Advice: The Art of the Email

Aerial view of woman typing.

Think before you type, and spell check before you hit “send.”

At the busiest times of my semester, I receive fifteen to twenty emails per day. One of my professors, Dr. Tricia Starks, estimates that anywhere from two to three hundred messages arrive in her inbox daily; and for department heads or administrators, the numbers can be even higher – [former] Vice Provost Sharon Gaber places the number at over one hundred… by 8 a.m.! When it comes to emailing your professors: think succinct! Here are some pointers on composing solid, short messages.

1. Subject lines are always important. Be as descriptive and brief as possible:
Bad subject line: Request
Good subject line: Letter of recommendation by June 5?
See the difference? The good subject line is crisp yet informative – your recipients can tell instantly what’s needed and when. The bad subject line is just too vague.

2. Make sure you’re getting your titles right. When you email a professor, “Professor ______” is usually a safe bet no matter the gender, rank, or position of the person in question. You can also use “Dr. ___” and their last name. Don’t use first names – it’s best to err on the side of formality when emailing professors and administrators.

3. Keep it concise. When I began emailing regularly, I’d try to cram as much relevant information as possible into a message, thinking this approach would be more convenient for the recipient by saying everything that needed to be said all at once. Not so. Emails with multiple requests/action items tend to sink to the bottom of busy peoples’ inboxes and malinger there, unanswered. Keep your emails short and limit them to a single issue.

4. Be aware of your tone. All sorts of nuances dictate how an email should be composed, and it’s easy to get overwhelmed with questions: Is this word appropriate? Should I use contractions? How do I seem comfortable without coming across as arrogant, or respectful without being overly deferential? The best answer to these questions, in my experience, is to maintain constant awareness of the tone you’re employing. This will vary depending on the type of message you are sending, as well as to whom you’re sending it. For starters, you’ll never have a reason to be less than fully professional the first time you email someone. For instance: Bad Email

This isn’t necessarily rude, but it’s a tad informal for what seems to be a first-time communication – and you need to ask whether the professor has time to meet with you. Spruce it up a bit to include a short introduction and more polished wording: Good Email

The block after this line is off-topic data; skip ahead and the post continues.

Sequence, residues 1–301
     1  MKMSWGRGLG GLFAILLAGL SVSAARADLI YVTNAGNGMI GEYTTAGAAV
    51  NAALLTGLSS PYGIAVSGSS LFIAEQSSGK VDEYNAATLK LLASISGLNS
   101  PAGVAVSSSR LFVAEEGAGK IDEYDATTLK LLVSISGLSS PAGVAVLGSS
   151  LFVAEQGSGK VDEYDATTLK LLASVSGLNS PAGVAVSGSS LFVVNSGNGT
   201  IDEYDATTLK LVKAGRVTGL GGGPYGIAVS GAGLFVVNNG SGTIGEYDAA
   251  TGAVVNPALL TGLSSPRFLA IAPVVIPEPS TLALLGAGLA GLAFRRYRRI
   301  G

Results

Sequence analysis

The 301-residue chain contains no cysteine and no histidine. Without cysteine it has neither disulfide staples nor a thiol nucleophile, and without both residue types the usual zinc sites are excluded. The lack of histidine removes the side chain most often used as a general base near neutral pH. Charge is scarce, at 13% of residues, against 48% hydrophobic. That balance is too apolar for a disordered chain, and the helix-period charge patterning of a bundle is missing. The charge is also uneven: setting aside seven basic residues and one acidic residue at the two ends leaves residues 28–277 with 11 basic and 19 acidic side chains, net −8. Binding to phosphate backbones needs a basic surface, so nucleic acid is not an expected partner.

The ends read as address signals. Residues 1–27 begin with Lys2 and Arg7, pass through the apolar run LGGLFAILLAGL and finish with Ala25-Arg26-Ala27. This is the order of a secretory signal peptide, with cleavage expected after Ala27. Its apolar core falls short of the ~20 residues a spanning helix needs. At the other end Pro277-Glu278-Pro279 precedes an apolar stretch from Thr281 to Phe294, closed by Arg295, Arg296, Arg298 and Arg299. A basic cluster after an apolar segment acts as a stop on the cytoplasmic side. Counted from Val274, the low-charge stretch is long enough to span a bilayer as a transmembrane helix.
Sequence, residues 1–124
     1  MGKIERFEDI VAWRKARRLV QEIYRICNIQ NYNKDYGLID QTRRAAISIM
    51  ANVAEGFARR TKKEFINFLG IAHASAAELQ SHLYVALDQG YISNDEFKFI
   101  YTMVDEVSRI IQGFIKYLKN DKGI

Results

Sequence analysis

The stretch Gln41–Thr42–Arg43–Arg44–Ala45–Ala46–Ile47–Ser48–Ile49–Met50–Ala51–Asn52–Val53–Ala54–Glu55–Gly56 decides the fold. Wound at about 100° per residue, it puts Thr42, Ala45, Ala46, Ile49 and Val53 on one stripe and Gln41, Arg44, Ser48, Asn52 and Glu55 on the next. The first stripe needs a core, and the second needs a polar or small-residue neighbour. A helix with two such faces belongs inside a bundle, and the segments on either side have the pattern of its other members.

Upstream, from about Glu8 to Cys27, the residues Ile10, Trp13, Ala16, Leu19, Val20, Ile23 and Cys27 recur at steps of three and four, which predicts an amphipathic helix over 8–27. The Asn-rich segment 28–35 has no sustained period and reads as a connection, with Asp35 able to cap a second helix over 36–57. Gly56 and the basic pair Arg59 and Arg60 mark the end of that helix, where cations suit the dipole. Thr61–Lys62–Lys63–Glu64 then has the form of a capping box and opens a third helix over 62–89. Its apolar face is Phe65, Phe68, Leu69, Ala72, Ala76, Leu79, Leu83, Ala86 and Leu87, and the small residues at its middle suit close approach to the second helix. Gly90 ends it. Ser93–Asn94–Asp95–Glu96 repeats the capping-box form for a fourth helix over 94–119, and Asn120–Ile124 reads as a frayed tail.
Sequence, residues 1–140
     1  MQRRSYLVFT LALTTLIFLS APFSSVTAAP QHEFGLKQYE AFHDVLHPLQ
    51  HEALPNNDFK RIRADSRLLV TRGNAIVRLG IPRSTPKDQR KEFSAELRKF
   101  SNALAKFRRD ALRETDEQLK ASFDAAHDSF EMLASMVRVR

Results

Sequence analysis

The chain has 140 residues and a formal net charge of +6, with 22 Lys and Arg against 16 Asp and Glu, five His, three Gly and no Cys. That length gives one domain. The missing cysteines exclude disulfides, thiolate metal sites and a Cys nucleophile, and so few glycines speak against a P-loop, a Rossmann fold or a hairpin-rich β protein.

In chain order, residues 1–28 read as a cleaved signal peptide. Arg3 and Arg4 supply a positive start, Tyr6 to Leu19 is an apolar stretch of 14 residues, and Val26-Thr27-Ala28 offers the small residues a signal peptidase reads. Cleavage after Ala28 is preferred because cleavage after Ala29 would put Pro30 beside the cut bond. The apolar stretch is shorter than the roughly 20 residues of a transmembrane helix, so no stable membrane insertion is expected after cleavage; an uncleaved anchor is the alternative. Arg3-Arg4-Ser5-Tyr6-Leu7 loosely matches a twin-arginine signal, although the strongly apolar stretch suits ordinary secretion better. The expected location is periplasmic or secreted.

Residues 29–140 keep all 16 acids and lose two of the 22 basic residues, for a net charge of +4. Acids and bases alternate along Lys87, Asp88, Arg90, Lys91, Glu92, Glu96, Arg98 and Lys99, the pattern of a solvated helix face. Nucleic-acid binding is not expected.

After you’ve built a rapport with the person you’re emailing, more casual communication will likely become acceptable if not advisable. Take it on a case-by-case basis.

5. Be sparing and strategic with text lingo and emoticons. It doesn’t take long to figure out that a proliferation of LOLs and TTYLs isn’t wise to include in emails, but every so often, a dash of informality can artfully defuse what could otherwise turn into a sticky situation. For instance: “Dear Professor X: While reviewing our grant paperwork, I noticed that we still seem to be missing your recommendation letter – no rush, but I wanted to remind you of the April 15 deadline just in case you’d forgotten during this busy time of the year : ) Thanks again! XYZ”  Though it may seem a bit hokey, the value of such an inclusion is clear – it would be difficult for anyone to read the above message as pushy.

6. Always include a thank-you. It may sound intuitive when thinking about emailing professors, employers and the like, but you’d be surprised how easy it can be, when shooting off messages one after the other, to forget a simple concluding thank-you.

7. Think carefully before sending an email when frustrated or upset. I can’t stress it enough: emails are forever. Down the line, you don’t want to regret pressing send on anything you’ve written emotionally. If you’re bothered by something and feel it needs to be addressed, by all means, draft your email – but don’t send it until your head has cleared and you’ve had a night to think it over.

8. Before hitting “send,” proofread. Typos reflect poorly on you and some have the potential to embarrass. That’s why it’s always essential to give your subject line and message a quick read before you send it.

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One Response to Advice: The Art of the Email

  1. Kendall Curlee says:

    A professor friend advises: “Remember to sign your name or provide it in the message. We can’t always figure it out from the email address anymore. Students should include the class that they’re enrolled in because we teach multiple courses with different formats of delivery and deadlines.” Thanks for the tip!

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